If Charles Wesley owes much, however, to Moravian teaching, the hymns reflect no less clearly the issue which divided them and defeated repeated attempts at rapprochement. ‘Stillness,’ as it came to be called—a doctrine which John Wesley had denounced in 1739 in the Preface to Hymns and Spiritual Poems—laid so much stress upon the action of God’s grace as to disparage, and indeed deny, the need for any kind of responsive action by the believing soul. The dangers of subjectivism, of spiritual self-indulgence, of antinomianism even, are exposed and strongly countered in the hymns of Charles Wesley and in particular in two classes of hymns, namely in those on the great Festivals of the Church, and in the Hymns on the Lord’s Supper of 1745. There is no question that these hymns, more than anything else, helped to confirm the people called Methodists in their catholic inheritance, and in the obedient use of ‘the outward means of grace.’ Charles Wesley’s ideal of holiness, while always personal, is anchored to the objective and the corporate: in John Wesley’s words, it is the ‘catholic, that is universal, Church’ that is ‘holy in all its members.’
Charles Wesley is, moreover, free from the aberrations which marred the Moravian hymnody of the mid-18th century. The strongest of his lines about the sufferings of Christ—some, indeed, too strong for our use today—are theological and mystical rather than imaginative or pictorial. This for instance, from Hymns and Sacred Poems, 1742:
Five bleeding wounds He bears,
Received on Calvary;
They pour effectual prayers,
They strongly speak for me:
Forgive him, O forgive! they cry,
Nor let that ransomed sinner die!
is good catholic doctrine. To conclude: the hymns of Charles Wesley on faith and salvation and holiness, no less than the sermons, of John, were soundly based, as Dr. Rattenbury and others have shown, not only upon Luther and his Moravian interpreters but also upon Anglican and ante-Nicene doctrine and practice, borne out at every point by his own personal experience. He is at once mystic and evangelist, offering to all the world what he himself has heard and seen. He writes much in the first person, but his concern is always with ‘every soul of man.’ His greatest hymns, of which too many remain generally unused if not unknown, check our appraisals and comparisons: their provenance, Moravian or other, is after all of small moment. They are not so much didactic as effectual: their own passionate insights kindle in the devout singer—as John Wesley said they would—an answering flame of devotion, faith, hope and love.
The Moravian association is recalled in the present Methodist Hymn-book by a number of tunes, including some from the Foundery Tune-book or Sacred Melody, 1761, which came to Wesley from Freylinghausen through the Moravians. The name HERRNHUTH is preserved in a 4-line 7’s tune from the Foundery book (M.H.B. 87; EH 135). Two tunes, ATONEMENT (181) and MIT FREUDEN ZART (415) come from the Brethren’s Kirchengesänge of 1566. TYTHERTON (385) is by a Moravian pastor, a younger contemporary of the Wesleys. FULNECK (440) and FAIRFIELD (39), called by the names of the Moravian settlements near Manchester and Leeds, were composed respectively by the elder and the younger La Trobe, both Moravian leaders. Finally IRENE (233), a tune of some musical distinction, from Freylinghausen, deserves attention as probably the best surviving specimen of its extraordinary metre. Charles Wesley’s metres are, of course, a study in themselves. This stanza of two iambic sixes followed by four, trochaic sevens is described by the late Bernard Manning as ‘perverse and almost ludicrous’; but Wesley uses it with great effect and its virtual disappearance from our worship is much to be regretted, if only because it carries verses like the following, with which this sketch may well close:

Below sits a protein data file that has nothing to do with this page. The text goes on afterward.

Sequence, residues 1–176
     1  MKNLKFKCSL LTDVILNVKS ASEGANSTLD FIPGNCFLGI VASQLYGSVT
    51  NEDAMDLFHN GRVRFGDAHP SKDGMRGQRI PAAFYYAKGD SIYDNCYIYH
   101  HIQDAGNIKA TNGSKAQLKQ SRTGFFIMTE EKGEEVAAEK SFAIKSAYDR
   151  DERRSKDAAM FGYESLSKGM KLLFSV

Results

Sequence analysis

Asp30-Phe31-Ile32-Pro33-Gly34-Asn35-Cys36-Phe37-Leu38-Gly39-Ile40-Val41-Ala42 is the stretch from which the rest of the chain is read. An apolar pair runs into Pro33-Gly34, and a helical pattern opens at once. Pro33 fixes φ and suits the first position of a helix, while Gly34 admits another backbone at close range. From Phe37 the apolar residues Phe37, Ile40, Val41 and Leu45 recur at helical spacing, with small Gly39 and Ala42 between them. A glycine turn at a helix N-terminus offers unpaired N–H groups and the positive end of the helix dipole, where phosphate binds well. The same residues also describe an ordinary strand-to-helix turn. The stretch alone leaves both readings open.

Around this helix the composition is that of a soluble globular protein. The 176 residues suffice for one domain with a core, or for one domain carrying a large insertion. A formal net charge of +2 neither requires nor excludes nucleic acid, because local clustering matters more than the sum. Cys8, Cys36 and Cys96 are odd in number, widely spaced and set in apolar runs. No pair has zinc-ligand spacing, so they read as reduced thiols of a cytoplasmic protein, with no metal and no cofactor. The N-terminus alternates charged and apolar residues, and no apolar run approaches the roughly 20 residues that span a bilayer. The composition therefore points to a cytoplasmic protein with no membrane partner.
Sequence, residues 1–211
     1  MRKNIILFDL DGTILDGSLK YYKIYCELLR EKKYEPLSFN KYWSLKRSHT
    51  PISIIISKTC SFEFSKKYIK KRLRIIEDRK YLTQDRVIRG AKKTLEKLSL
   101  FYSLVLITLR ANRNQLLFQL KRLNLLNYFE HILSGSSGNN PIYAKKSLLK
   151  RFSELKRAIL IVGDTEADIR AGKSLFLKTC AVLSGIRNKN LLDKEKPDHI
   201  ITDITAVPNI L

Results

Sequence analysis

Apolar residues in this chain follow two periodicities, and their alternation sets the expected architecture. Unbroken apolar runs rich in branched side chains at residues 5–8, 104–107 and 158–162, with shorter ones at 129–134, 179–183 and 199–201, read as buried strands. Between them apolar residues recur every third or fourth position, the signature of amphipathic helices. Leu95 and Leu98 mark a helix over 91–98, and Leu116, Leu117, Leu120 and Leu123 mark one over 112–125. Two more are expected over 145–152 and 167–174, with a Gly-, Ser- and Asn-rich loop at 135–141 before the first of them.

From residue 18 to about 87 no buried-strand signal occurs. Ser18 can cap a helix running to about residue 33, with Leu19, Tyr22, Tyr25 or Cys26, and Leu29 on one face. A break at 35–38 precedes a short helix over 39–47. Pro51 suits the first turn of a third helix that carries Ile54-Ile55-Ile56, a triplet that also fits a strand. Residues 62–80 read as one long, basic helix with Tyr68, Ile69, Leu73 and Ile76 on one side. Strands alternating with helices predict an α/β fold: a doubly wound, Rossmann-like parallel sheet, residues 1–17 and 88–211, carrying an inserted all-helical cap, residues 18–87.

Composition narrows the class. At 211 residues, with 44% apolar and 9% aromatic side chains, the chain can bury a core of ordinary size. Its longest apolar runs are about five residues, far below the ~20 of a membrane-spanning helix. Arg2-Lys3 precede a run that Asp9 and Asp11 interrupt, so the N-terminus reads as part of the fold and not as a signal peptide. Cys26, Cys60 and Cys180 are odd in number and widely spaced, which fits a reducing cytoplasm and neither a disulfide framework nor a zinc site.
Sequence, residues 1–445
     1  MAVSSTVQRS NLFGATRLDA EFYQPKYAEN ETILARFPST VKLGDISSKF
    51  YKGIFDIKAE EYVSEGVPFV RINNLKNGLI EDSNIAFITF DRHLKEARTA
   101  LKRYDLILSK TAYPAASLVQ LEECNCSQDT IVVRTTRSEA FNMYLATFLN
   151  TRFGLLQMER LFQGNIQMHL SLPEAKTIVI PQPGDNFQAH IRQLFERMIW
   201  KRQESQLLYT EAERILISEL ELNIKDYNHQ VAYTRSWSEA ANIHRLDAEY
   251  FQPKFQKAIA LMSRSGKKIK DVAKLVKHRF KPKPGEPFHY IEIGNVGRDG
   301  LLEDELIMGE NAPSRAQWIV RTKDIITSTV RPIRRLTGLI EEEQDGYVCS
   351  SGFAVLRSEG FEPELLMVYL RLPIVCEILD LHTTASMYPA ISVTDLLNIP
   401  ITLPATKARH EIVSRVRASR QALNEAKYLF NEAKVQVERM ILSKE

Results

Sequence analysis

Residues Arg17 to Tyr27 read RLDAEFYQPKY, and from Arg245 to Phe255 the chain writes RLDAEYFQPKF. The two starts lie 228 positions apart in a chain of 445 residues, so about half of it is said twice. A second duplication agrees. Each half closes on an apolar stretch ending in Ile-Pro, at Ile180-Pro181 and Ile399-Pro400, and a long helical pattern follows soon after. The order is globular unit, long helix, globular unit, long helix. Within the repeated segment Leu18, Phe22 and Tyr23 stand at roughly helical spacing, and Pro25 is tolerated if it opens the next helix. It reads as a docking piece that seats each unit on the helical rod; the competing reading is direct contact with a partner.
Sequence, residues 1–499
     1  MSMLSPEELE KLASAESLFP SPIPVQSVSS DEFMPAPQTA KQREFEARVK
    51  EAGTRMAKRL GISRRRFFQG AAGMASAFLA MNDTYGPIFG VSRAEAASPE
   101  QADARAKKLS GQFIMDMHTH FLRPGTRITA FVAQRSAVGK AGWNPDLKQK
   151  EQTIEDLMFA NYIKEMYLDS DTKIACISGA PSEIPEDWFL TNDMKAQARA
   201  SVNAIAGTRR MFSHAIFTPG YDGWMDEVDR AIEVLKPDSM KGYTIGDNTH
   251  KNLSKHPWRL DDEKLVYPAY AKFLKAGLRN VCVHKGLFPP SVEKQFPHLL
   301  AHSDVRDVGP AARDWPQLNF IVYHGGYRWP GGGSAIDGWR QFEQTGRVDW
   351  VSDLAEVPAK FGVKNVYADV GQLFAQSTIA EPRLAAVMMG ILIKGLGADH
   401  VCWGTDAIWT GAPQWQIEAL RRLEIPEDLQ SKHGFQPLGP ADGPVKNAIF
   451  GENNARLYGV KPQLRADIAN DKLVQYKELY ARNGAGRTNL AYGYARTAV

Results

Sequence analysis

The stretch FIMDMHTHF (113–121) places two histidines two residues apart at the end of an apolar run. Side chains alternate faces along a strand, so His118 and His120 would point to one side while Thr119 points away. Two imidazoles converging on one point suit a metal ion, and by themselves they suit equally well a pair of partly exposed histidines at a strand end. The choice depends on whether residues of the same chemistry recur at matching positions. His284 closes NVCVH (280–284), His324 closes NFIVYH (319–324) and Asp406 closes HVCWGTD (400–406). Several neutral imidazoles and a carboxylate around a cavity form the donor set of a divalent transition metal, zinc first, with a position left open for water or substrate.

Arise, my soul, arise,
Thy Saviour’s sacrifice!
All the names that love could find,
All the forms that love could take,
Jesus in Himself has join’d,
Thee, my soul, His own to make.
Our anchor sure and fast
Within the veil is cast;
Stands our never-failing hope
Grounded in the holy place;
We shall after God mount up,
See the Godhead face to face.
1. H. A. & M. Historical Edition, p. lxxxvii. ↩
2. M.H.B. 720. ↩
3. M.H.B. 745. ↩
4. Moravian and Methodist, 1937, p. 195. ↩
5. M.H.B. ↩
6. Sursum Corda, 1956, p. 9. ↩
7. M.H.B. 559. ↩
8. M.H.B. Appendix. ↩
9. M.H.B. 460. ↩
10. M.H.B. 377. ↩
11. M.H.B. 92. ↩
12. M.H.B. 559. ↩
13. Hymns and the Faith, 1955, p. 128. ↩
14. M.H.B. 377. ↩
15. Letter to a Roman Catholic, 1749. ↩
16. M.H.B. 368. ↩
17. Conversion of the Wesleys, 1938, pp. 180 ff. ↩
18. Most English compilers are still content to base their selection on that of Sir H. W. Baker in 1861. Congregational Praise 1950, among non-Methodist publications, breaks new ground; followed in one instance (‘Away with our fears,’) by the B.B.C. Hymn Book, 147. ↩
19. Preface to A Collection of Hymns, 1779. ↩
20. Hymns of Wesley and Watts, p. 55. ↩
21. Hymns and Sacred Poems, 1739. ↩
22. M.H.B. 233. ↩